repair. This may occur without visible signs appearing on the surface until a member’s load-bearing capacity has been largely destroyed. This field guide focuses on our evaluation of several widely used stress-wave-based pieces of equipment. Wood and Timber Condition Assessment Manual (Ross and others 2004).or stress-wave-based inspection tools. decking material. pilings. Madison. Materials The primary materials used for this project were bridge timbers containing different levels of natural decay. Detailed descriptions of the various available tools. In addition. timber bridge girders. For example. Minnesota James P. and Superior. Objective The objective of this study was to evaluate the accuracy and reliability of several stress-wave devices for finding internal deterioration in timber bridge components. Wisconsin. Determining an appropriate load rating for an existing timber bridge and establishing rational rehabilitation. Minnesota). we prepared a comprehensive manual on the inspection of wood structural elements. It was prepared at the request of the American Forest and Paper Association to assist field engineers and other inspection professionals. Published by the Forest Products Society. Wacker. Minnesota.Condition Assessment of Timber Bridges 2. plus a sample inspection report and summaries from several inspections. and railing components were obtained from the USDA Forest Service. Additional materials were obtained from Michigan Technological University. a combination motorvehicle and railroad-timber-and-steel bridge located between Duluth. this manual includes chapters on visual inspection techniques. Each device was also rated for ease of use as a bridge inspector’s tool. decking. Wisconsin Introduction Wood deterioration is one of the most common damage mechanisms in timber bridge structures and often inflicts damage internally. Project Leader Forest Products Laboratory. Knowledge of the condition of the bridge can lead to savings in repair and replacement costs by minimizing labor and materials and extending its life. These timbers were obtained from several sources and had been removed from service for various reasons. Duluth Timber Recycling Company (Duluth. the Duluth and Missabe National Railroad. This was accomplished by testing several timber bridge components obtained from various in-service structures. thereby lowering the density. . This results in a significant reduction in load-carrying capacity. Duluth. which in turn may result in the member’s failure. Evaluation of Several Stress-Wave Tools Brian K. probing-type techniques. Principal Research Shop Foreman Natural Resources Research Institute University of Minnesota Duluth. Chequamegon–Nicolet National Forest. Ross. The hyphae of these fungi secrete enzymes that depolymerize the chemical components of wood. and post-fire inspection and assessment. or replacement decisions require an accurate assessment of the bridge’s existing condition. ultrasound. Vatalaro. Minnesota) and Minnesota Power (Duluth. The materials had been remaining after construction of new bridges or had been removed from service for replacement. guidelines on their use. strength. In timber bridge structures. and railing components were obtained from the Oliver Bridge. Research General Engineer Robert J. the degradation of a loadbearing (in-service) member may be caused by any one of several organisms that derive their nourishment or shelter from the wood substrate in which they live. and hardness of a member. and interpretation of data obtained from them are included. This bridge was being rebuilt by the owner. As a consequence of our experience with various types of inspection methods and equipment (Ross and others 1999). Recently. the Federal Highway Administration asked us to conduct a rigorous evaluation of the performance of several commercially available tools used to assess the condition of in-service wood. The results of that effort are summarized in a comprehensive report available through the University of Minnesota Duluth (Brashaw and others 2004). We prepared the following condensed report as a field guide for engineers from the information generated in the Brashaw and others (2004) study. Timber bridge girders. Program Director Robert J. Brashaw. several types of fungi attack wood.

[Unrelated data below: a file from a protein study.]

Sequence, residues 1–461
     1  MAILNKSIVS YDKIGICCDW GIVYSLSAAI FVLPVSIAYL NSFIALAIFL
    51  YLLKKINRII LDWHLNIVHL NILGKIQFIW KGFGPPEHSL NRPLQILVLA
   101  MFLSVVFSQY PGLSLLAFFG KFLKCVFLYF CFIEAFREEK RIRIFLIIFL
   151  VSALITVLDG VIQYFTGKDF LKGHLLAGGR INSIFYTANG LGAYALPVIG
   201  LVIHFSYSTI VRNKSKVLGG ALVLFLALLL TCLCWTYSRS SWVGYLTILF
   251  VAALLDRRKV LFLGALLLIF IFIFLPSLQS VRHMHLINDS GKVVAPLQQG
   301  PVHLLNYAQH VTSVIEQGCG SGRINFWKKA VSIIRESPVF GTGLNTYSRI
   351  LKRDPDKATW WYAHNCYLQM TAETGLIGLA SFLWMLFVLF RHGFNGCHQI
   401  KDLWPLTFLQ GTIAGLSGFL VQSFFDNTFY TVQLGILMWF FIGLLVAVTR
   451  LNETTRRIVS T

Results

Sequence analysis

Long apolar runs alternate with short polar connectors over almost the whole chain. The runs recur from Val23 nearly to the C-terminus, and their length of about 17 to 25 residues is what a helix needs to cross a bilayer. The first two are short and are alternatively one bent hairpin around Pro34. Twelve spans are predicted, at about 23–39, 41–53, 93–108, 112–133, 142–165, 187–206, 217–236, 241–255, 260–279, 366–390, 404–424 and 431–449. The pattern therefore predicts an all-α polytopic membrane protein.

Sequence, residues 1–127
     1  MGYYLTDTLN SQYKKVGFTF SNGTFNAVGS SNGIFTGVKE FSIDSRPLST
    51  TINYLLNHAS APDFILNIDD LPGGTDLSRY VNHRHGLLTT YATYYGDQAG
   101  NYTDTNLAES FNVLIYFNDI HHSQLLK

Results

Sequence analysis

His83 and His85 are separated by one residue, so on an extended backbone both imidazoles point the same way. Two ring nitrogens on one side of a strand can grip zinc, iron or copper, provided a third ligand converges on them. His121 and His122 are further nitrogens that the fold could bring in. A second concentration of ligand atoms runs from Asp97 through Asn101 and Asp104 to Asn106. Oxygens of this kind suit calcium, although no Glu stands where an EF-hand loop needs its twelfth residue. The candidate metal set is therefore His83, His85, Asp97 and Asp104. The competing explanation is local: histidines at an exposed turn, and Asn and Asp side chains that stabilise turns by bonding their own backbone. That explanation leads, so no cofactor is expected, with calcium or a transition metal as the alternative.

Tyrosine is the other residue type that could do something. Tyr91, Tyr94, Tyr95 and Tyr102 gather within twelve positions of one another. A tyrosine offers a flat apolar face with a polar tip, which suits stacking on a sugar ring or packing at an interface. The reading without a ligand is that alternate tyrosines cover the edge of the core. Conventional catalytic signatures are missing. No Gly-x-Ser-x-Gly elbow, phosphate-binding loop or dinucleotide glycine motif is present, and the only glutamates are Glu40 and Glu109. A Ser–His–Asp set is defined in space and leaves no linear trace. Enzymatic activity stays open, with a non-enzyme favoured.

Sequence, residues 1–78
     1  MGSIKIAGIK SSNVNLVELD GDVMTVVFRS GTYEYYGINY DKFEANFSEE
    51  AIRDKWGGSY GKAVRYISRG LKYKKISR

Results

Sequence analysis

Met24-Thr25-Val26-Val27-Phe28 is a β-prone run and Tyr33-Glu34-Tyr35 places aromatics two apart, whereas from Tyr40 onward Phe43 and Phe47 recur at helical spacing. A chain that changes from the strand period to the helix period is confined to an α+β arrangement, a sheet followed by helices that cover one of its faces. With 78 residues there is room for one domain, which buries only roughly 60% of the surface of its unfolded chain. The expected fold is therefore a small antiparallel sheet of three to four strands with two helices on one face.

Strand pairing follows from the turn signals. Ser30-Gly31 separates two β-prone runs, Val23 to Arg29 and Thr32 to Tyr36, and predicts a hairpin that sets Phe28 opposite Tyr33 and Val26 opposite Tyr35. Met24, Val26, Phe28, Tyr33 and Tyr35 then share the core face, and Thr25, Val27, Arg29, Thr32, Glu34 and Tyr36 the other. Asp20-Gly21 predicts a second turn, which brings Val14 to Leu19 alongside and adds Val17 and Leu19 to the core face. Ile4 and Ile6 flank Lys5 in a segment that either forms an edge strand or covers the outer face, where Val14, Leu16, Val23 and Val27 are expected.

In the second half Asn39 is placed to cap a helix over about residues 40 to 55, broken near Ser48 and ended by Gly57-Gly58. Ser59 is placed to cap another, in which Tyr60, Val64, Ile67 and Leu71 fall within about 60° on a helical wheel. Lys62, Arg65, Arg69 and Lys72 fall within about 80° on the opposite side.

The round timber piles were 9 to 18. micro-drilling resistance measurements were collected from each of the timber bridge specimens. and northern white pine (3). Last. Micro-drilling resistance results from this study are published in a companion report (Brashaw and others 2005). Nearly two-thirds of the Douglas-fir specimens were creosote treated. These two data sets were then compared to determine the effectiveness of the various stress-wave equipment in detecting deterioration. (76 by 305 mm) to 20 by 20 in. 1). Figure 1—Stages of this study. Each specimen’s resistance chart was captured electronically by the equipment and was accompanied by a photograph of the specimen after being cut apart. Stress-Wave Equipment Tested Several types of commercially available stress-wave equipment were used to assess decay in the timber bridge .General Technical Report FPL–GTR–160 Figure 2—Metriguard 239A Stress-Wave Timer. After the timber specimens were sawn along their length into slabs that exposed their interior condition. southern yellow pine (2). Graphs of the data were prepared and used to develop indices of decay. Several types of data were collected on the timber specimens in their original (unsawn) condition. These photographs revealed the representative quality of the specimen regarding its level of decay. the bridge timbers were visually inspected to locate deteriorated areas. Second. Other timber specimens included western redcedar (4). (508 by 508 mm) and were up to 99 in. We also documented the sawn components with photographs. The sawn timbers varied in size from 3 by 12 in.75 in. (229 to 476 mm) in diameter and up to 143 in. Thirty-six of the timber specimens were sawn timbers and 10 were round timber piles. The sawn components obtained from 2 the specimens were inspected visually to assess the extent and locations of the decay or other degradation. Figure 3—Sylvatest Duo. Thirty-eight (~83%) of the timber specimens were Douglas-fir species. the timber specimens were tested to determine moisture content and wood species. Data from each timber bridge specimen were analyzed to determine the effectiveness of various stress-wave equipment for locating degraded or decayed material. (363 cm) long. additional data were collected. Then stress-wave measurements were collected at several locations on each specimen. A total of 46 timber specimens were evaluated with the various stress-wave devices. Methods This study was accomplished in several different stages (Fig. First. (251 cm) long.